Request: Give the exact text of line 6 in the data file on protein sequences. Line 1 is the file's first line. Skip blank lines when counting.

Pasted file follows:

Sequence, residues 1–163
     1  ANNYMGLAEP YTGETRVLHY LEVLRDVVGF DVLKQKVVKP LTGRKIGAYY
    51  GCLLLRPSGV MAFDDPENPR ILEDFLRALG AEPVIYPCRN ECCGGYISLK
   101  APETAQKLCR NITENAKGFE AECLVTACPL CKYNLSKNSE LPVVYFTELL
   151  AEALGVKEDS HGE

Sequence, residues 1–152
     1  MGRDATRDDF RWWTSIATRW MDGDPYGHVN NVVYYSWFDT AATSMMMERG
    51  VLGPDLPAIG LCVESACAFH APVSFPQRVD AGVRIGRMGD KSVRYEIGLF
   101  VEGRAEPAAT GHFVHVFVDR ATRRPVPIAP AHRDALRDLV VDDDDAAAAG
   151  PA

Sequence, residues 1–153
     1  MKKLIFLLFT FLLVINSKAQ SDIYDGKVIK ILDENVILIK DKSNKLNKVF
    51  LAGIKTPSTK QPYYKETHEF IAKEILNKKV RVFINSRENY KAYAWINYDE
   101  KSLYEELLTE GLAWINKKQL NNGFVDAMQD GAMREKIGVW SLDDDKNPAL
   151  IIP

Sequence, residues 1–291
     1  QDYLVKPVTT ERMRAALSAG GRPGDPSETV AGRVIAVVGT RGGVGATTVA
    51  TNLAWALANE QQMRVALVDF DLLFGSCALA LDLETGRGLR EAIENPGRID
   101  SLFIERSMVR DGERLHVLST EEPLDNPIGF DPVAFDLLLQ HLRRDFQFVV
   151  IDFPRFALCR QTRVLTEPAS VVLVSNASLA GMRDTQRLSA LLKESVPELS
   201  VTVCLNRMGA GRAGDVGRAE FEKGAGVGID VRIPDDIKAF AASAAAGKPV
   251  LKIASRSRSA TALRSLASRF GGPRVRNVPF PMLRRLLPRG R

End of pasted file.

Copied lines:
Sequence, residues 1–152